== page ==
Another Eastern Market business closes after wealthy developer purchases building

Mar 7, 2019 at 9:53 am
click to enlarge A water tower in the Eastern Market. - Courtesy photo
Courtesy photo
A water tower in the Eastern Market.
(This story was updated at 12:50 p.m. with comments from the developer.)

Bloomfield Hills-raised developer Sanford Nelson appears to be behind another Eastern Market business closing. Crain's reported on Wednesday that Farmers Restaurant abruptly closed the day after Nelson closed on a purchase of the building in which the small diner operated for years. He also bought three other nearby buildings.

Why did Farmers close? Farmers owners' son simply told Crain's, "We have no comment. The owners have retired."

In a Thursday afternoon statement to Metro Times, Sanford said, "The Fermanis family elected to put their building up for sale and then chose to close the restaurant. Both decisions were completely independent of the purchase."

Metro Times hasn't yet been able to reach the Fermanis family for a comment.  The abrupt closure and the larger story playing out in the Eastern Market suggests that there's more to the story, and it likely has to do with money. Regardless, Nelson is here and Farmers is not.

Nelson, who notes that he's lived in Detroit for the last five years, is the 30-year-old son of wealthy entrepreneur Linden Nelson, and he's reviled in some corners because he appears to be on a mission to gentrify the Eastern Market. He, along with his father and other partners, purchased at least 19 buildings in the market for well over $20 million.

There's fear that the changes Nelson's proposing — renovating the units so they cater to a much wealthier tenant — is killing part of the market's soul. Those are the sentiments of the tenants, businesses, and artists who Nelson is forcing out by purchasing buildings and jacking up rent on very short notice. Multiple business owners have confirmed to Metro Times that they're facing steep rent increases since Nelson purchased the buildings in which they operate, though at least one has been able to strike a deal. And Crain's reports that Adam's Meats and Cultivation Station have also moved or closed.

Deadline Detroit
reported in December that several businesses have been asked to leave, others were asked to relocate, and some residents have been asked to pay between $500 and $1,000 more in rent each month with just 30 days notice.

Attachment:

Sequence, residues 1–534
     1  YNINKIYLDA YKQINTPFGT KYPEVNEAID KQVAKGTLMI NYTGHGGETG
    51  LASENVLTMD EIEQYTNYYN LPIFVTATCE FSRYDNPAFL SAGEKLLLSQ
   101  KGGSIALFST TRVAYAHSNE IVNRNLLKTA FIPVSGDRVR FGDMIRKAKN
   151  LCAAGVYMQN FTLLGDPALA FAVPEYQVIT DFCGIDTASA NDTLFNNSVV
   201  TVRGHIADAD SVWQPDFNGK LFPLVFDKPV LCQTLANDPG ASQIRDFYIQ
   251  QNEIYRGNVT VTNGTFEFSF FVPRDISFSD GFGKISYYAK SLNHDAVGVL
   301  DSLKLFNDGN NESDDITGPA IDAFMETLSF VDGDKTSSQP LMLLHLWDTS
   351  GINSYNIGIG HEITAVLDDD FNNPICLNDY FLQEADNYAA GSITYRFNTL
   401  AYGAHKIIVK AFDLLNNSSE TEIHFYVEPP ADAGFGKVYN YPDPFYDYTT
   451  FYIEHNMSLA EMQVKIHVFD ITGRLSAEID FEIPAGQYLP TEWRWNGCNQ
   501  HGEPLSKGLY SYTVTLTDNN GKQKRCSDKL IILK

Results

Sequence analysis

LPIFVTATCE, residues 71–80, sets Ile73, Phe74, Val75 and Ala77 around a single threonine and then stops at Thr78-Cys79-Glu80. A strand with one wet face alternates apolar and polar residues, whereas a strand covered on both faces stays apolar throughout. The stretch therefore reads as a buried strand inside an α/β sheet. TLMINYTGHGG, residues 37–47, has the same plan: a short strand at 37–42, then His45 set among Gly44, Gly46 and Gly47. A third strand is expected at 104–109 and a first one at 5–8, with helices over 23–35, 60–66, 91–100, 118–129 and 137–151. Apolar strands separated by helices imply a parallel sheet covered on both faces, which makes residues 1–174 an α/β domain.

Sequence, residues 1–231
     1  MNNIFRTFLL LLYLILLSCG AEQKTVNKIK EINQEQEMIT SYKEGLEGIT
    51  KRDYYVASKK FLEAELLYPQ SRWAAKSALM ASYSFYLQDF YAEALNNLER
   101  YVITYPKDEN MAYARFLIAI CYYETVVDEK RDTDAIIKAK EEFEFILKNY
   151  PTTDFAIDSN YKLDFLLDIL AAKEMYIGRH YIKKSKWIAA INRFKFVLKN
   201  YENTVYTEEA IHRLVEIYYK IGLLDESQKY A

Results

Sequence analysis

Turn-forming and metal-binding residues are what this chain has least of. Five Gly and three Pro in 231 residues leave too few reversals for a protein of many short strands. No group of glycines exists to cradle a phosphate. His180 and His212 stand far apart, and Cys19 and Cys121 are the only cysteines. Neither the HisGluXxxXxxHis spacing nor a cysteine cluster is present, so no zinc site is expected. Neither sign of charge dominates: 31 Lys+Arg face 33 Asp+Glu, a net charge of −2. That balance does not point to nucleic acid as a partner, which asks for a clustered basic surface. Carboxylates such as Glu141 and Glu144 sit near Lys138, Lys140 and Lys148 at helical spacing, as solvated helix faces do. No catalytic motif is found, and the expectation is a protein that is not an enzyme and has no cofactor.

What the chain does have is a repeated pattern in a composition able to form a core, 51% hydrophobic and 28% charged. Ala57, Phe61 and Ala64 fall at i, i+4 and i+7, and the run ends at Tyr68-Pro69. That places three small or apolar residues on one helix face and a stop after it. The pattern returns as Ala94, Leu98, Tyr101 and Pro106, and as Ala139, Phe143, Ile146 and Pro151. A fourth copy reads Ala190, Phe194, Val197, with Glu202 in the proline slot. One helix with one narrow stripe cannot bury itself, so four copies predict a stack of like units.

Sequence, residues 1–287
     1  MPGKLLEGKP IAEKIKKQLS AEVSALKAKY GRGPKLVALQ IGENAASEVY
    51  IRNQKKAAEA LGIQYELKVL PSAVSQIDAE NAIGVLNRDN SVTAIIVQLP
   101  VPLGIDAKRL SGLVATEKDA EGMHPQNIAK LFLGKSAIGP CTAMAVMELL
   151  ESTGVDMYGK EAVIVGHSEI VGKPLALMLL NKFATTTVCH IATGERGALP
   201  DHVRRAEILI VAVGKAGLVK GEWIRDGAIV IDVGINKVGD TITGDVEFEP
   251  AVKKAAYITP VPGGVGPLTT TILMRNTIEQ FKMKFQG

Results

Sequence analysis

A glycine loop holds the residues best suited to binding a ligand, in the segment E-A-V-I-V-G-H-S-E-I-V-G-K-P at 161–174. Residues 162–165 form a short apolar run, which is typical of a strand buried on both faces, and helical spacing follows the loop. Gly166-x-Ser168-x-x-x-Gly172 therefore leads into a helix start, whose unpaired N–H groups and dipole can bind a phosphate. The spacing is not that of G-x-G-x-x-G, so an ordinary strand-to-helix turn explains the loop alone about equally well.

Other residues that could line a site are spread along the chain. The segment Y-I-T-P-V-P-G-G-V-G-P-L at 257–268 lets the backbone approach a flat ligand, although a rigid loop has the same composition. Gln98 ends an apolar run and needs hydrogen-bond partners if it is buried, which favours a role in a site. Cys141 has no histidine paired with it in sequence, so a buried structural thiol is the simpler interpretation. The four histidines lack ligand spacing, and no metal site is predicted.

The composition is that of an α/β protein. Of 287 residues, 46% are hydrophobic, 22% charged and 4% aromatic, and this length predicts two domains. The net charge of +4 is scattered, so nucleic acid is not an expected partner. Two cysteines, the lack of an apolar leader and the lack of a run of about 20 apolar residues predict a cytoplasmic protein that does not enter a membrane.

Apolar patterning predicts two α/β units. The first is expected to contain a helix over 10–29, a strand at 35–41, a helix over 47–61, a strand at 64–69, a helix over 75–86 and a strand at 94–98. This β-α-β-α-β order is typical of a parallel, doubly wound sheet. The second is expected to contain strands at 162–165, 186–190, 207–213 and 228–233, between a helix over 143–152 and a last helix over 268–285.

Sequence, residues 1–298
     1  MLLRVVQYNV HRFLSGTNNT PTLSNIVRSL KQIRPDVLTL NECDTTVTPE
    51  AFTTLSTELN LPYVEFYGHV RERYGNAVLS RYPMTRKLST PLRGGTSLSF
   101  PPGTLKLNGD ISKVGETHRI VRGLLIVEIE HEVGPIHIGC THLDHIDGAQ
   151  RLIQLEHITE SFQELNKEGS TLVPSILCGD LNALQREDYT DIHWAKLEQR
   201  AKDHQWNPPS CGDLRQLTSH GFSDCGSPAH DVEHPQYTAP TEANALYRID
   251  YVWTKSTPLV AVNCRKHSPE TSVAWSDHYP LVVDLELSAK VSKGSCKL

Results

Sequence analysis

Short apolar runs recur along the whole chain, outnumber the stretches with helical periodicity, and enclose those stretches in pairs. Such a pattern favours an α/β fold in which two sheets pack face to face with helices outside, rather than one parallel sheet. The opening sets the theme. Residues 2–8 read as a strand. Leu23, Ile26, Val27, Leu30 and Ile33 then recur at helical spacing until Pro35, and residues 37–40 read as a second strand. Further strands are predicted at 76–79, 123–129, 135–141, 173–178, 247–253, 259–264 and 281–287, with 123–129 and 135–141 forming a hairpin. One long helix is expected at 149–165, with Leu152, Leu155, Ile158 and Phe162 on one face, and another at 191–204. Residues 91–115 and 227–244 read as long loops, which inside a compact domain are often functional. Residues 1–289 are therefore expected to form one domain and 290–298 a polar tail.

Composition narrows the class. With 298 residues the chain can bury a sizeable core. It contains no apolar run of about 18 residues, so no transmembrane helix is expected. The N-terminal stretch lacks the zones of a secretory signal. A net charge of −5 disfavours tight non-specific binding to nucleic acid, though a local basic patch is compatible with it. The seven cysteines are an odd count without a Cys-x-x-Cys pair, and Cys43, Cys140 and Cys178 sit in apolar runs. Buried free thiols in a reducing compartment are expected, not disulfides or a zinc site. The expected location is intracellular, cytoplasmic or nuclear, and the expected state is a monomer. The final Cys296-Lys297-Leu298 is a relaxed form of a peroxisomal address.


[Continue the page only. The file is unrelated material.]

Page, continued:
That's angered a lot of people, especially those in the arts community. Deadline reports that Murals In The Market sent back an $1,800 check Nelson donated to it. A huge banner that recently hung from an old water tower in the market read "Something's rotten in Nelsonville. Don't trust Sanford & Lindon." Others said they feared Nelson's plans mark "an end of an era."

Nelson told Deadline he plans to fully renovate the buildings, and there's rumors that at least one historic property will be razed. His plans also include some affordable housing units.

Deadline provided this gem of an anecdote. It sets the scene during Nelson's recent 30th birthday party inside Supino.
The popular restaurant is now one of Nelson’s tenants. At his party, he wore a fedora and a Detroit Hustles Harder camo windbreaker by streetwear brand Aptemal Clothing, another of his tenants. Around him stood chic women in high-heeled boots carrying designer bags. Nelson posed for pictures with one on each arm, receiving congratulatory kisses on the cheek.

Nearby sat a chocolate cake in the shape of one of the market’s sheds. The inscription in the icing said “Shed 30,” in honor of Nelson’s milestone birthday.
What does all this say? The proverbial Sanford Nelson is coming to a Detroit neighborhood near you. So if you own a small business or rent a home, make buying your property a priority. It's one of the only defenses.

So many restaurants, so little time. Find out the latest Detroit dining news with our weekly food newsletter delivered every Friday morning.